The fire was discovered burning in the gun-room at 3 am, though no one had visited it after 8pm. The cause of the fire was attributed to a Portuguese gunboat which had come alongside Queen, ostensibly as an anti-smuggling measure. The Portuguese gunboat had a fire lit aboard, part of which the crew threw into the Queen's gun-room scuttle, starting the fire.
The fire raged out of control, but fortunately winds and currents pushed Queen out of the bay and so away from Kent. Queen blew up at 7 am.
Casualties on board Queen were heavy. An officer on Kent wrote a letter from Salvador a little more than a week later and reported that many aboard her had drowned when they leaped into the water. He estimated that she had lost six passengers, some 30 troops (of an unspecified number that she was carrying to India) and who could not get to the hatchways in time, and 70 of her crew. Because the fire broke out during the night and boats could not be launched, all the survivors, including five ladies, lost everything but whatever clothes they had on.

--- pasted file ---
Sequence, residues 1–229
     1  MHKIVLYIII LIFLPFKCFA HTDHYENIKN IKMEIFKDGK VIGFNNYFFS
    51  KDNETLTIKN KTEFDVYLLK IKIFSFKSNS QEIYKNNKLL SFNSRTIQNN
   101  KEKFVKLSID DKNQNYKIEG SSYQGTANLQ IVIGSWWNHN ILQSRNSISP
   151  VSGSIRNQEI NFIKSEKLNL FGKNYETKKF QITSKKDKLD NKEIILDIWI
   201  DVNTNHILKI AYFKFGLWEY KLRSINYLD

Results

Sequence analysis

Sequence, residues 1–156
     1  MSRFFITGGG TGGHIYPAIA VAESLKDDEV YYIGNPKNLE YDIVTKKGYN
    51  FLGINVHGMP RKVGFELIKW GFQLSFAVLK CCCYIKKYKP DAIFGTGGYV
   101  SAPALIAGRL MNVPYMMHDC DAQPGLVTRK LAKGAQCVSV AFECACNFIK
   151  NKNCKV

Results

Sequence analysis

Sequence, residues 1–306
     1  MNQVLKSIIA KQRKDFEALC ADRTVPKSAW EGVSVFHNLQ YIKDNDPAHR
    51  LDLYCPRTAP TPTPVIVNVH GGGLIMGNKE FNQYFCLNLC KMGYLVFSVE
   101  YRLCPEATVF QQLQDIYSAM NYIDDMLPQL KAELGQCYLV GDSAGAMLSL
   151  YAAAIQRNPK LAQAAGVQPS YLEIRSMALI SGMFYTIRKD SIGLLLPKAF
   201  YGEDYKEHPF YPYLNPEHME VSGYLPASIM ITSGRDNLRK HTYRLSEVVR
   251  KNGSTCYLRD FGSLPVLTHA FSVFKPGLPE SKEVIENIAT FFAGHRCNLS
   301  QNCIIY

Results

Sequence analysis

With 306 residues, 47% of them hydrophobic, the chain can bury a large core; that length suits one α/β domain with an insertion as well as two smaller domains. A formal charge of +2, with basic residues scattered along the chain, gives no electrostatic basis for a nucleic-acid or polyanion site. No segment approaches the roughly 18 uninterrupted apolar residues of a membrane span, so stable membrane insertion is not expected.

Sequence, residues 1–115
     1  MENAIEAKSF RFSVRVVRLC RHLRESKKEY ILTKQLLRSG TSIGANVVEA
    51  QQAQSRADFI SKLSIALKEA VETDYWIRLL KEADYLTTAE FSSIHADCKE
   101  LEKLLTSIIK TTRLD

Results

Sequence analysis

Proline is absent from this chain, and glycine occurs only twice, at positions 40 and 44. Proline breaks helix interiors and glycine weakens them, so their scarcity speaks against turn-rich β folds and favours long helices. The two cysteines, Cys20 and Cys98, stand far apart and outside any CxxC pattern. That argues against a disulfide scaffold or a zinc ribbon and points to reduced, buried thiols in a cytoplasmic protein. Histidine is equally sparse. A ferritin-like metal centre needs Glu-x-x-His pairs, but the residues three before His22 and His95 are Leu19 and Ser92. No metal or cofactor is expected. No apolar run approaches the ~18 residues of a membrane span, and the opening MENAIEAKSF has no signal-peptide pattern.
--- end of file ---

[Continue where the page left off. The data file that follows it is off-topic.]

The EIC put the value of the cargo that it had lost on Queen at £30,421.
Kent remained at Salvador for more than a week and then loaded the surviving troops and passengers to take them on to Calcutta. (It is not clear whether any of Queen's officers and crew also went.) Kent reportedly took on some 300 people in all. She therefore had some 440 persons on board.
On 7 October, off the Sand Heads (near the mouth of the Ganges River, Kent encountered the French privateer brig Confiance, of 18 guns and 150 men, under the command of Robert Surcouf. Surcouf managed to board his larger opponent and seize control of the Kent. The British had 14 men killed, including her captain, and 44 wounded, while the French suffered five men killed and ten wounded. Surcouf released the passengers on a merchantman that he stopped a few days later.